Today it would be unthinkable that the leader of a democratic nation would suddenly disappear without a trace, never to be seen again. Yet that’s precisely what happened in the bizarre case of Australian Prime Minister Harold Holt on December 17, 1967.
Holt left a group of associates to go swimming alone, at Chevoit Beach on Port Phillip Bay in southern Victoria, Australia. The area near the city of Melbourne was known for dangerous currents and rip tides, but Holt was said to be a better-than-average swimmer. Good judgement, apparently, was not one of his strengths, and he quickly disappeared beneath the waves. A two-day search by Royal Australian Navy divers and local volunteers yielded nothing. Holt was declared missing and presumed dead.
As might be expected, the vanishing of an international head of state led to a wide range of conspiracy theories. One urban legend said Holt was abducted by aliens. Another suggested he was a double agent for the Chinese government, plucked from the water by a submarine dispatched from Beijing.
Ironically, one can find an athletic center named in Holt’s honor near Melbourne. Its centerpiece, and most popular feature, is an outdoor swimming pool.
There is hardly a more bizarre footnote in the early years of space exploration than the need to put animals on top of chemical-fueled rockets and send them into earth orbit. It’s a fact that both the United States and the Soviet Union dared not risk sending a human being to test the still-unknown effect of space flight. So, while engineers considered a variety of creatures, great and small, to become man’s trailblazer to the stars, they settled mostly on monkeys, and dogs.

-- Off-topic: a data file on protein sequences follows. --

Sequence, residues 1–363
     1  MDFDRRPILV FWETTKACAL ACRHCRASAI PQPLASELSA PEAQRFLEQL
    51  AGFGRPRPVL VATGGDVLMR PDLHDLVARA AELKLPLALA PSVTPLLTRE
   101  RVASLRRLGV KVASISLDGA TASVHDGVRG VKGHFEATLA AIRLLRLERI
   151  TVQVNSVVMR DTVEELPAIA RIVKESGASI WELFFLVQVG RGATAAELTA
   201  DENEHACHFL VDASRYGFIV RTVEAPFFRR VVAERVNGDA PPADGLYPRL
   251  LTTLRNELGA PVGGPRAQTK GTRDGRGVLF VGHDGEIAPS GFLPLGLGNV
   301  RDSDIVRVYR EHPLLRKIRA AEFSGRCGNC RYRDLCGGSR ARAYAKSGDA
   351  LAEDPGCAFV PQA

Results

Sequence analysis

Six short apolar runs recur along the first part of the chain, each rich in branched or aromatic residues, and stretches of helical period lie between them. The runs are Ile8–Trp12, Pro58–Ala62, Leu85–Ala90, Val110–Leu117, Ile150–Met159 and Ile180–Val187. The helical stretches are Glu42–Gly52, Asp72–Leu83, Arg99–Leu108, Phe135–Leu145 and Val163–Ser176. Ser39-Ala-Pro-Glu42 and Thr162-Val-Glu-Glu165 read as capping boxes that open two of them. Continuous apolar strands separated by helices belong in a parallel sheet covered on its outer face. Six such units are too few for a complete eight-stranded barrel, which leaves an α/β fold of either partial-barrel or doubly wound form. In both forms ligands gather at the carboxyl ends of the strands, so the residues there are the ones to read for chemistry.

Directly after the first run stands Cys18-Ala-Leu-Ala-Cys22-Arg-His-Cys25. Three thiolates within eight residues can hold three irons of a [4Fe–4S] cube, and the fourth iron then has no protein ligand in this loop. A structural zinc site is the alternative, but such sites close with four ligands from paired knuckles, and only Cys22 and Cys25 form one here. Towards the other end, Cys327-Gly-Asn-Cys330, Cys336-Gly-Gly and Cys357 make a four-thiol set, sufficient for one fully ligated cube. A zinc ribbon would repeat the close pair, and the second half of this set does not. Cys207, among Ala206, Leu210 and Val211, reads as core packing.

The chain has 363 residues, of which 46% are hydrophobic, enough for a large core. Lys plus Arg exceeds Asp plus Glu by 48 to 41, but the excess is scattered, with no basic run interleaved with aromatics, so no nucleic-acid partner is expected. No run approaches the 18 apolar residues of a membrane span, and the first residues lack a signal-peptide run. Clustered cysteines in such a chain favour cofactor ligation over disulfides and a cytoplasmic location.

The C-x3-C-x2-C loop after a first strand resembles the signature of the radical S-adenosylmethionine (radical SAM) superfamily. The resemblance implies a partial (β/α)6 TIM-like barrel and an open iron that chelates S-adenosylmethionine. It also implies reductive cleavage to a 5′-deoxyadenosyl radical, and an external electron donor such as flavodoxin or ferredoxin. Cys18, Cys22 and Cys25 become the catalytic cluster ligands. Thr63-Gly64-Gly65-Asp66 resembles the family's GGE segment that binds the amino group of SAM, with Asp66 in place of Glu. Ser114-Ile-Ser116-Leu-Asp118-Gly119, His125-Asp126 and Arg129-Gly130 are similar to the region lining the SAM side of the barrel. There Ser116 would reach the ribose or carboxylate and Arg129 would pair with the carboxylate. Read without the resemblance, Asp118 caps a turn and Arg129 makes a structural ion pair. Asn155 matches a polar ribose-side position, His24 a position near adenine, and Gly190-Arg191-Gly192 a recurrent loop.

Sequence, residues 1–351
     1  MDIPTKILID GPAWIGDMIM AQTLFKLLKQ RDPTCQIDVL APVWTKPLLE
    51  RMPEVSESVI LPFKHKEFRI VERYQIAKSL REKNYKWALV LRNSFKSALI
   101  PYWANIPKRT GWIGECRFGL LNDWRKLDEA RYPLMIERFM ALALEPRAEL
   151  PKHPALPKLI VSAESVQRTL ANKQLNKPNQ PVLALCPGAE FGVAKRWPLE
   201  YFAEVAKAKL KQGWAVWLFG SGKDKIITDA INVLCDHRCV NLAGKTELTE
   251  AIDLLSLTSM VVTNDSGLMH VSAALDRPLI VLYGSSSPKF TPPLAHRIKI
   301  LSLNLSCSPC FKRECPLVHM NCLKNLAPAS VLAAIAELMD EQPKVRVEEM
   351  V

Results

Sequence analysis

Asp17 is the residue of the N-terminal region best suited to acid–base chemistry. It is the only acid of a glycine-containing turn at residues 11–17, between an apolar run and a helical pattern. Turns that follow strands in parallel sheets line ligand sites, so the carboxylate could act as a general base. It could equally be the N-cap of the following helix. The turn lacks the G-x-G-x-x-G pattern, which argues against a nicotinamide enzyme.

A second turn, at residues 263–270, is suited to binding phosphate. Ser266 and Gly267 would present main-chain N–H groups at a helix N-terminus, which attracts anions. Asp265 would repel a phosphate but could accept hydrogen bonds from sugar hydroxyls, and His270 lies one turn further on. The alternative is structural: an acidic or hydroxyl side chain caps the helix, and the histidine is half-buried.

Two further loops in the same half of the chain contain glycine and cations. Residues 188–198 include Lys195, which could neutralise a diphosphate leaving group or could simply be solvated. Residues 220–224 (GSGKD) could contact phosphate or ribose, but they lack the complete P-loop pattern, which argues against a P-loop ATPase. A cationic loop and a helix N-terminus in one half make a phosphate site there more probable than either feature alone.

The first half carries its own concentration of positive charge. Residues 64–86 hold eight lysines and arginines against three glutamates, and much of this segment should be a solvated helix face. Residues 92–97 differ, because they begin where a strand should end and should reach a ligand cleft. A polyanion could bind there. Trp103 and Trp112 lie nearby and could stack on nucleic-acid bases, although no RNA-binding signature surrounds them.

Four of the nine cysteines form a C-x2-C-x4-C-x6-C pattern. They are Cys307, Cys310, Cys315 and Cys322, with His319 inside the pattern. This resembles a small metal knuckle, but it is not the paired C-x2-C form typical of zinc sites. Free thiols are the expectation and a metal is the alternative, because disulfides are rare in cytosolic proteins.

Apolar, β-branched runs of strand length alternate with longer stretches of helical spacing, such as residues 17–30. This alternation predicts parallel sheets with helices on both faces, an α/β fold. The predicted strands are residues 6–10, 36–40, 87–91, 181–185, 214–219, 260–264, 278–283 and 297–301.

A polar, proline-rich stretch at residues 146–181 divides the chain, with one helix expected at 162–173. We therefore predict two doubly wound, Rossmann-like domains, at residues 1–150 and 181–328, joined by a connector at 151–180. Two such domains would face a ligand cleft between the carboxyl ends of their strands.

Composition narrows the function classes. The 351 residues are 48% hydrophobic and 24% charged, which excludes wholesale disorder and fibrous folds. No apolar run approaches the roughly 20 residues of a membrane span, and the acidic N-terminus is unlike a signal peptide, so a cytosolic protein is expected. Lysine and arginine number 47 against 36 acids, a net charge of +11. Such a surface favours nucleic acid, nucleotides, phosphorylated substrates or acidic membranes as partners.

Belka and Strelka emerged as the most celebrated canines to ride into outer space. They flew aboard the USSR’s Sputnik 5 on August 19,1960. Although the craft also carried 42 mice and a grey rabbit among other animals and plants, Belka’s and Strelka’s story was the only one to fire the imagination of the earth-bound public. They were hailed as the first creatures to come back from earth orbit alive, several months before a man would manage the feat.
Russian filmmakers dramatized the pair’s tale with a popular animated feature in 2010. The real Strelka is immortalized in a completely different fashion, appearing in an exhibit of early orbital feats.
Soviet space scientists said they chose dogs as test animals because canines could stay in an enclosed space for a longer time. Chimpanzees, on the other hand, were too restless. French engineers took a different, smaller-scale approach. Rats were their orbital creatures of choice. It must gall guinea pigs that they were entirely overlooked in the annals of animal space pioneers.
One of the Christmas holiday symbols of the 1950s started its decline in popularity in the mid-1960s. Families charting their course on the postwar New Frontier counted the aluminum Christmas tree as one of the trendy cultural items of the space age. Strangely enough, a television cartoon helped blast it into eventual retro-chic status during Christmas 1965.
Manufacturers included aluminum in everything from Naval vessels to beer cans during mid-century, and so it wasn’t a stretch to create an artificial Christmas tree out of the material. The Aluminum Specialty Company of Manitowoc, Wisconsin ranked as one of the top makers of aluminum trees, cranking out a million of them between 1959 and 1969. You could buy one for $25 dollars, color wheel included.